Day 2 - Making documents accessible

Whether it’s a report, Powerpoint presentation, poster, or information leaflet, follow these five simple design tips to make your documents accessible.


1. Use styles to identify headings

Heading 1
Heading 2
Heading 3
Heading 4
Screenshot of Styles Toolbar in MS Word    MS Word Navigation Pane, which includes document headings for easy navigation

Using Headings and Styles throughout a document automatically creates a searchable document with easy navigation. Screen readers used by the blind and partially-sighted use these headings to create chaptered sound files, which are much easier to search and edit. 

2. Choose an accessible font

Text clarity is important for all users, however if you having a learning difference or disability it is vital to accessing the resource.  When deciding on a font style, choose a clear font with space around each character letter with no flicks or tails on the letters. These are much easier to read for many people, but particularly those with sight problems. 

There are many accessible Sans Serif fonts that can be used, below are a few examples.

Examples of three accessible fonts: Calibri, Arial, Verdena

Below are a few examples of inaccessible Serif fonts, which should be avoided:
Examples of three inaccessible fonts: Bradley Hand ITC, Algerian, Times New Roman

The examples below show how use of Sans Serif fonts can help maintain clarity even for those users who find text harder to access:

Dyslexic User Perspective
Example of Dyslexic user viewing text, the letters are mixed up and is difficult to read

Sight Impaired User perspective

Example of sight impaired user viewing a webpage which is blurry and difficult to read

3. Use left alignment and bigger spaces between lines of text

Left aligning text reduces eye movements and enables you to read the text easily. It is particularly helpful for those with partial sight, or those who use a keyboard (rather than a keyboard and mouse) to navigate the text.

Screenshot of MS Word toolbar for text Alignment   Screenshot of Line spacing toolbar in MS Word

1.5 spacing or higher increases the space around text making it much easier for those with sight problems to view. Breaking up dense blocks of text in this way can also make information less overwhelming and easier to read for those with learning differences affecting reading and writing, such as dyslexia.

4. Use accessible ways of highlighting text

Green Tick in a green circle depicting a correct example. Red Tick in a red circle depicting an incorrect example

5. Choose accessible backgrounds and font colours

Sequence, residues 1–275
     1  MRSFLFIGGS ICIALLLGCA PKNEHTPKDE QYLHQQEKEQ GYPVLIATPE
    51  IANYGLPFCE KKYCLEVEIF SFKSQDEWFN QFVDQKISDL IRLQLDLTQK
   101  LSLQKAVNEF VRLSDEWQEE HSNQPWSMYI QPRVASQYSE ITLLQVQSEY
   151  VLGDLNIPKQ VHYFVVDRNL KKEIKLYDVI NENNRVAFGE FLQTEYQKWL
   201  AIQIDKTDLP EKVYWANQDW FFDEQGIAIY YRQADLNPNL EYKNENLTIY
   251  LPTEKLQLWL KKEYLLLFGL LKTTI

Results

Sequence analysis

The choice of background and font colour can have a marked effect on how clearly text can be seen. The columns below show some examples of background colour and font colour combinations.

Green Tick in a green circle depicting a correct example, Red Tick in Red Circle showing incorrect example
Table showing Column A: Poor contrast examples which are difficult to read. Column B: Good contrast of dark text on a light background, easy to read and good for many users. Column C: Good contrast, showing light text on a dark background which is high contrast and easy to read for many users

Column A shows poor contrast between the background and font colours. This makes the text difficult to read. Some of the colours chosen clash, creating an uncomfortable viewing experience for all viewers. It is also worth noting that 1 in 100 men and 1 in 300 women are red/green colour blind, meaning that many people cannot read red and green together. Colours to avoid, particularly together are red, green and often yellow. 

Column B shows good contrast between dark text and the light background. This combination supports the widest group of users. It is easy on the eye, and clear to read for those with a learning difference affecting sensory processing (such as dyslexia or autism).  Note that a pale colour is chosen rather than white, as the stark contrast between black and white can be perceived as harsh and strain the eyes.

Column C shows good contrast between light text on a dark background. This is accessible and most legible for those with a sight impairment.  It is often used in banners to grab attention but some users can find it overwhelming when reading larger amounts of text, and much prefer the pastel background. You may want to consider using these combinations of light text on a dark background sparingly, depending on your intended audience. 

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